Most maternity group home programs share a basic set of eligibility requirements. In general, residents must be young single women who are in need of housing and are either pregnant or parenting. This study focuses on programs that serve primarily teenage mothers. However, in many cases, study programs also serve slightly older mothers, often up to age 21 (Table II.4). The Maine program has the highest age cutoff, serving young mothers up to age 24 in all of its homes and mothers up to age 29 in one home.
|Program (State)||Either Pregnant or Parenting?||Age of Mother||Other Requirements|
|GCAPP Second Chance Homes (Georgia)||Yes||13 to 20||In state custody for most bedsa|
|St. Andre Group Homes (Maine)||Yes||15 to 24b||Medicaid eligible|
|Teen Living Program (Massachusetts)||Yes||13 to 20||Active TANF or child welfare case|
|Teen Parent Supportive Housing Services
|Yes||15 to 18||Homeless by HUD definitionc|
|Teen Parent Program (New Mexico)||Yes||13 to 21||Varies across homes|
|Inwood House Maternity Residence (New York)||Pregnant only||13 to 20||In city foster care system|
|Friends of Youth Transitional Living Program (Washington)||Yes||18 to 21||Homeless by HUD definitionc|
|GCAPP = Georgia Campaign for Adolescent Pregnancy Prevention.
HUD = U.S. Department of Health and Human Services.
TANF = Temporary Assistance for Needy Families.
aThe program reserves some spaces for young mothers who are not in state custody.
Most programs accept both pregnant and parenting young women, although residents more commonly arrive in the homes after their babies are born. An exception is the New York program, which serves exclusively pregnant teens in the foster care system. New York state law prohibits residential programs for minors in state custody from serving both pregnant and parenting young women in the same facility. Consistent with this regulation, once residents of the New York program have had their babies, they must be placed in another facility that is licensed to accept young mothers with children. The Georgia program also serves mainly a foster care population and is therefore subject to state regulations regarding minors in state custody. When the Georgia program was first being developed, state regulators initially said that the program could not serve both pregnant and parenting teens. However, program planners persuaded state regulators to allow pregnant teens into the program on a limited basis. Under current state guidelines, each home in the Georgia network is allowed to serve one pregnant teen every six months. This rule keeps the number of pregnant teens in the Georgia program quite low. Most residents enter the program after they have had their babies.
Programs typically serve young mothers with one or two children. Space limitations lead most homes to accept primarily mothers with only one child. However, most programs have a small number of slots reserved for mothers with two children. Most programs do not have specific limits on the ages of the children allowed to reside in the homes. In general, the age limits for mothers make it unlikely that residents would have children older than three or four years old. A few programs, typically those with higher age cutoffs for mothers, have specific age limits for children that reside in the home. For example, the Maine program allows only mothers with children under age three, while the Washington program restricts eligibility to mothers with children who are under age five.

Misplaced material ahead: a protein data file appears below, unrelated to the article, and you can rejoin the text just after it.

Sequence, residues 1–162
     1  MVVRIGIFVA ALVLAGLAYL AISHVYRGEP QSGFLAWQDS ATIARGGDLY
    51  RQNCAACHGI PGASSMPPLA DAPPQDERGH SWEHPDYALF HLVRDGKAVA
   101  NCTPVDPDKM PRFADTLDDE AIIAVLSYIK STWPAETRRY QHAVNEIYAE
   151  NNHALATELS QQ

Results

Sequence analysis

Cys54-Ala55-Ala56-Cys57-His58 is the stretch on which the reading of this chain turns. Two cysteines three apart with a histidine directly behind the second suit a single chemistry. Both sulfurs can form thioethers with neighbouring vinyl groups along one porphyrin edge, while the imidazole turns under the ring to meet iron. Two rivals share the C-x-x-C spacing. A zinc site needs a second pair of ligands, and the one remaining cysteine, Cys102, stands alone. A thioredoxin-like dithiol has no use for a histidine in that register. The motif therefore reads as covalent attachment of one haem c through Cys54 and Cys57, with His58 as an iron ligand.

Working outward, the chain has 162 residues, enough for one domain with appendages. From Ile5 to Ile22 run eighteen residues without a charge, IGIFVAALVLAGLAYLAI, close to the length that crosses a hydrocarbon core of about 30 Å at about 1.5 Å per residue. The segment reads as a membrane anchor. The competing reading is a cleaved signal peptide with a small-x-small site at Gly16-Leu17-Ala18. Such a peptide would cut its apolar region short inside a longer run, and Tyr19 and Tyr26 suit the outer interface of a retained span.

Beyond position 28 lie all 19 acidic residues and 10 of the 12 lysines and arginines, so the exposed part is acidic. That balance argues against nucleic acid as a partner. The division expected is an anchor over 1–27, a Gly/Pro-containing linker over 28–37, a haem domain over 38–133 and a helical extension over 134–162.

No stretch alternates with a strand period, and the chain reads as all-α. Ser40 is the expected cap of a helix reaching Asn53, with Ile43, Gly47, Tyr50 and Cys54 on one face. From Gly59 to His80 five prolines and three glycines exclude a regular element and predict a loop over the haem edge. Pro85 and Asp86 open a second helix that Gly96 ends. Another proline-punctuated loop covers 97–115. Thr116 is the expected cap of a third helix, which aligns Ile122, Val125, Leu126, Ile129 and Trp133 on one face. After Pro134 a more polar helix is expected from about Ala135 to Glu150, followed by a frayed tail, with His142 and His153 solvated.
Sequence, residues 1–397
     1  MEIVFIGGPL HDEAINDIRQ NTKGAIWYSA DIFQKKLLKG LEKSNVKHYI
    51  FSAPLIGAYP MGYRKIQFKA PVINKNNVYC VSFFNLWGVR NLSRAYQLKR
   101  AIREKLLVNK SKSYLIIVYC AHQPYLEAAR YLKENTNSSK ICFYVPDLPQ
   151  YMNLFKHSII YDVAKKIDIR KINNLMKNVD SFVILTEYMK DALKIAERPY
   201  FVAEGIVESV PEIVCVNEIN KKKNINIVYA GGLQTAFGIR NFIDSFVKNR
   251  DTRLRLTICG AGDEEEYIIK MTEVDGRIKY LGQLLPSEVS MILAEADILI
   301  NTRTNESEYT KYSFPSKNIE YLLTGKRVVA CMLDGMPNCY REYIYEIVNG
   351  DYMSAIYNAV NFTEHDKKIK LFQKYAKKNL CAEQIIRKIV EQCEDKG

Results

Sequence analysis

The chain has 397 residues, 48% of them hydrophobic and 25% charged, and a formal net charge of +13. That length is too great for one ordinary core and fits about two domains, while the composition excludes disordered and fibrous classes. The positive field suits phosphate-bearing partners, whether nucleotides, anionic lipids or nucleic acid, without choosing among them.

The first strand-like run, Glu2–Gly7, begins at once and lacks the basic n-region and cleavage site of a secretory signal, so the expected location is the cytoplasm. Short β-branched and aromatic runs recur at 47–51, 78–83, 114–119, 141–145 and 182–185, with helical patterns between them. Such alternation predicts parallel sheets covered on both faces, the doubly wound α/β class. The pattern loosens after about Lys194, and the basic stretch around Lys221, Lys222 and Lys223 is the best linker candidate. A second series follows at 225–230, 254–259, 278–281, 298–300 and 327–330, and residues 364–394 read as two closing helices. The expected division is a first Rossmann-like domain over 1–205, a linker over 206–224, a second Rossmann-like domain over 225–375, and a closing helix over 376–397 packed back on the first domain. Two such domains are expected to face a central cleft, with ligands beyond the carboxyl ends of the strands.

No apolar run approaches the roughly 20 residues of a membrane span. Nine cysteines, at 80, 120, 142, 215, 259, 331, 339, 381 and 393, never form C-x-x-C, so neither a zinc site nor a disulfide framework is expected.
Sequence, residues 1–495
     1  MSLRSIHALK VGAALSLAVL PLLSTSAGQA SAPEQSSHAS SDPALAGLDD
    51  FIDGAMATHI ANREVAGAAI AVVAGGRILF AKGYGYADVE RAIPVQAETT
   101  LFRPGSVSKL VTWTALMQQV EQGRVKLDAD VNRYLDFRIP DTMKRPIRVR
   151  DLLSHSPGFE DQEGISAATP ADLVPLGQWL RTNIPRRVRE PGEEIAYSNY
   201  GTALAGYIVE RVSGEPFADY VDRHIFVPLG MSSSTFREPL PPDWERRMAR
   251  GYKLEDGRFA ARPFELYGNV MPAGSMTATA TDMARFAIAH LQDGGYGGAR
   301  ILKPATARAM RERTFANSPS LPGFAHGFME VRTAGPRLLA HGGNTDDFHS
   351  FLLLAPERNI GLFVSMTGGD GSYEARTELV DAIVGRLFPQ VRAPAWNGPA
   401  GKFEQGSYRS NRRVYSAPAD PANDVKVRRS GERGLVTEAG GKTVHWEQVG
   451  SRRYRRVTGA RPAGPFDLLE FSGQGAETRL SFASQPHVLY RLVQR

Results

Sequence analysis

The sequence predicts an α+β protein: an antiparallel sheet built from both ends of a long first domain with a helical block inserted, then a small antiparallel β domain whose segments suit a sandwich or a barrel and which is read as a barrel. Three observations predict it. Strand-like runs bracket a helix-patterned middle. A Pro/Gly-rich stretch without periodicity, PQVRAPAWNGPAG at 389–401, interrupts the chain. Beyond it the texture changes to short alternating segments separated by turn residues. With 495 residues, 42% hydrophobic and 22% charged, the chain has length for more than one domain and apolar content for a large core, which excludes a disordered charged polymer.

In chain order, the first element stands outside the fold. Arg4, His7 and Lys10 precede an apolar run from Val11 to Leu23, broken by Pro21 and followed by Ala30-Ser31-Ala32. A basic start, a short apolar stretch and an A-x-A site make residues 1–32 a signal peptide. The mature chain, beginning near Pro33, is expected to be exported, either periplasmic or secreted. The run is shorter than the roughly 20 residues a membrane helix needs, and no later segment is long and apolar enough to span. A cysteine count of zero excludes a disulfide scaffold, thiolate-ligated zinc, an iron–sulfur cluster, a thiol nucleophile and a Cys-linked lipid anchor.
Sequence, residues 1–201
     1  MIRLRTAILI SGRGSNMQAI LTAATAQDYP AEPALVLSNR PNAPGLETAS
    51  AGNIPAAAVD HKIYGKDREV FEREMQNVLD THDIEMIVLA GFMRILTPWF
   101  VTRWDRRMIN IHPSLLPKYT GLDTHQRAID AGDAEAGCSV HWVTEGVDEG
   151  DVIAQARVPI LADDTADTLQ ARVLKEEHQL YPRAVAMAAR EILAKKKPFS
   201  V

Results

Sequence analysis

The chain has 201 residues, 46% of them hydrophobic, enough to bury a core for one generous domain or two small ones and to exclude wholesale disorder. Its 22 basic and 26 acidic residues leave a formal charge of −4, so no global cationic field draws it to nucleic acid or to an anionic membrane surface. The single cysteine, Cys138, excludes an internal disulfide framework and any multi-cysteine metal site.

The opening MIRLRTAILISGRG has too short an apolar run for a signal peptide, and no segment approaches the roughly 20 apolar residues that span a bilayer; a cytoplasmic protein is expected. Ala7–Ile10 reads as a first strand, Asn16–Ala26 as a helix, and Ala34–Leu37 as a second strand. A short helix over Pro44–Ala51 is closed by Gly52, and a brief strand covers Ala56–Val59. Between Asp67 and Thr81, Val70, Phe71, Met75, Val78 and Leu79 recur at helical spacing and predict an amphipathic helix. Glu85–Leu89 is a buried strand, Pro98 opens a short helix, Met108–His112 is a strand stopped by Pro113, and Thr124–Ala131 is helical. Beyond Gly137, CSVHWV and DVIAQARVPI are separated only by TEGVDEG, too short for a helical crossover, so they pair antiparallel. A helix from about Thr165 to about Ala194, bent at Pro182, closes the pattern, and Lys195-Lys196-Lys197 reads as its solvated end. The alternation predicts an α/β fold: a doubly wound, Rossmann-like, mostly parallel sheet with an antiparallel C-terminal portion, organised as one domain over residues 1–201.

Most programs screen out young women with severe mental health and behavior problems. Program staff indicated that they would not admit an applicant who had a history of extreme violence or serious mental illness or who was an active drug user. Home staff indicated that, because home residents share living space, it is particularly important to screen applicants carefully and not admit those who appear to pose a safety risk to other residents.
|MARIA: SPENT TIME HOMELESS BEFORE COMING TO THE HOME|
|“Maria” is 20 years old and has a 10-month-old baby boy. She is from a stable, middle-class family and was attending college when she became pregnant. Her father was very angry about the pregnancy. He kicked her out of the house and stopped supporting her financially. Maria had to drop out of college. She moved around a lot. She spent some time living with relatives and then lived in a hotel for a while. When things got really bad, she had to live in her car. The maternity home took Maria in as soon as they learned about her situation, when her baby was about a month old. Once Maria moved into the home, she was able to go back to school, where she is studying to be a nurse. Maria is on a waiting list for a housing subsidy and hopes to get a rent voucher, so she can afford to live on her own. Maria has a new boyfriend and they plan to get married soon. Maria says the home really helped her get her life back on track.|
In many cases, additional eligibility rules for maternity group home programs are tied to their funding sources. For example, programs that receive HUD funding, such as those in Washington and Michigan, require residents to meet the HUD definition of homelessness as a condition of program eligibility.10 Similarly, in the Maine program, which relies primarily on Medicaid funding, residents must be Medicaid-eligible to participate. In the New York program, which is funded through set monthly payments for serving pregnant teens in foster care, residents must be in the foster care system to be eligible. The Massachusetts program has specific slots with different eligibility requirements, depending on how the slot is funded. Slots that are paid for through the state TANF agency must be filled by young mothers who are receiving TANF, while those that are paid for through the state child welfare agency must be filled with young mothers with an active child welfare case.